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Virtual Modernism

Virtual Modernism: Writing and Technology in the Progressive Era

Katherine Biers
Copyright Date: 2013
Pages: 288
https://www.jstor.org/stable/10.5749/j.ctt5hjk0k
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  • Book Info
    Virtual Modernism
    Book Description:

    InVirtual Modernism, Katherine Biers offers a fresh view of the emergence of American literary modernism from the eruption of popular culture in the early twentieth century. Employing dynamic readings of the works of Stephen Crane, Henry James, James Weldon Johnson, Djuna Barnes, and Gertrude Stein, she argues that American modernist writers developed a "poetics of the virtual" in response to the rise of mass communications technologies before World War I. These authors' modernist formal experimentation was provoked by the immediate, individualistic pleasures and thrills of mass culture. But they also retained a faith in the representational power of language-and the worth of common experience-more characteristic of realism and naturalism. In competition with new media experiences such as movies and recorded music, they simultaneously rejected and embraced modernity.

    Biers establishes the virtual poetics of these five writers as part of a larger "virtual turn" in the United States, when a fascination with the writings of Henri Bergson, William James, and vitalist philosophy-and the idea of virtual experience-swept the nation.Virtual Modernismcontends that a turn to the virtual experience oflanguagewas a way for each of these authors to carve out a value for the literary, both with and against the growth of mass entertainments. This technologically inspired reengagement with experience was formative for American modernism.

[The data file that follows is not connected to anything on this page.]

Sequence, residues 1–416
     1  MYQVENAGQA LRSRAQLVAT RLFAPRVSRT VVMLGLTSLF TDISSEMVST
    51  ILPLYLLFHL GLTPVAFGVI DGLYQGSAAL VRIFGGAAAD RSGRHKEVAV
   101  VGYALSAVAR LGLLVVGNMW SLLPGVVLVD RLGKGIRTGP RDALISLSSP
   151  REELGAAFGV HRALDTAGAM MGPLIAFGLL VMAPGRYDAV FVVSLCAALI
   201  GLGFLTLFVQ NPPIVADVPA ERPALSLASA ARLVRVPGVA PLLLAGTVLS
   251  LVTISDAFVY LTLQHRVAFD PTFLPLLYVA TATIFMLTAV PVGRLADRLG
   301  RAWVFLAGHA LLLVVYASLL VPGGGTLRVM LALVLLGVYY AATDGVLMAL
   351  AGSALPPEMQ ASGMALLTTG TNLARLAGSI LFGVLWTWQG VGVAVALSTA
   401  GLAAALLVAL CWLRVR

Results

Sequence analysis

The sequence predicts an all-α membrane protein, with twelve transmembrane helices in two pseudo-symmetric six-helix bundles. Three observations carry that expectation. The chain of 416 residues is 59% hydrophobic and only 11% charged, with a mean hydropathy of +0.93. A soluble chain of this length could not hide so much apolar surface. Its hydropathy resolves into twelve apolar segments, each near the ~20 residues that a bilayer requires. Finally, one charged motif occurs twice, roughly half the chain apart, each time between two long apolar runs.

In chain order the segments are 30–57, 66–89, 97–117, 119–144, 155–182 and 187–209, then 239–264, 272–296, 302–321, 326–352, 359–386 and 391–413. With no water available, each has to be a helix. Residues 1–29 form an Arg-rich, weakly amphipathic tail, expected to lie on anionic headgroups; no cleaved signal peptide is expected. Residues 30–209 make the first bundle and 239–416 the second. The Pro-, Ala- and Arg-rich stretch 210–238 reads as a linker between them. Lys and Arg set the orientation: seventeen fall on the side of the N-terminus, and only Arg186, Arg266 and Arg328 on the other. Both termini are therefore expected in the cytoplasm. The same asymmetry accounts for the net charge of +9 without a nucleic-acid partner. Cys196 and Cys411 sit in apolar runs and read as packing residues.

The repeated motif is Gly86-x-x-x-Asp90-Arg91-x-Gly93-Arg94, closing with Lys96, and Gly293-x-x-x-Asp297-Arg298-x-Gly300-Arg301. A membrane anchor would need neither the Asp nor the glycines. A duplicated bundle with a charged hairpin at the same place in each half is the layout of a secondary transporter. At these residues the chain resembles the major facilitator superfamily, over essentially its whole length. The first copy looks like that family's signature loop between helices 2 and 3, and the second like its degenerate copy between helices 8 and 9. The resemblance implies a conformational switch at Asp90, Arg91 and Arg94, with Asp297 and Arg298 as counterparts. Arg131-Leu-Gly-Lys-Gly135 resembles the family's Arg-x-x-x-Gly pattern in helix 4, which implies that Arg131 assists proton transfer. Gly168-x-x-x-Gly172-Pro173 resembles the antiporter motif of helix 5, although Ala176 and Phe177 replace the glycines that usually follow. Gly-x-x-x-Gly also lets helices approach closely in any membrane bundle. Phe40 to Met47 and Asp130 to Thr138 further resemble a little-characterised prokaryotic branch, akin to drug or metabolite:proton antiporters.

Situated at the crossing points of literary criticism, philosophy, media studies, and history,Virtual Modernismprovides an examination of Progressive Era preoccupations with the cognitive and corporeal effects of new media technologies that traces an important genealogy of present-day concerns with virtuality.

    eISBN: 978-0-8166-8758-9
    Subjects: History, Language & Literature

Table of Contents

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  1. Front Matter
    (pp. [i]-[iv])
  2. Table of Contents
    (pp. [v]-[vi])
  3. INTRODUCTION: The Promise of the Virtual
    (pp. 1-34)

    Henry James’s 1898 novella “In the Cage” follows the travails of an impoverished young female telegraph operator working at a busy post office in a fashionable district of London. She gets through her day by indulging alternately in romantic fantasies and world-weary cynicism about two well-heeled customers who are using her as a go-between to conduct an adulterous affair. But working at top speed to code their handwritten messages and those of the larger “herd” gives her little time to think. So sometimes she slows down her work in order to read and interpret what she is only supposed to...

  4. CHAPTER 1 Stephen Crane’s Abilities
    (pp. 35-70)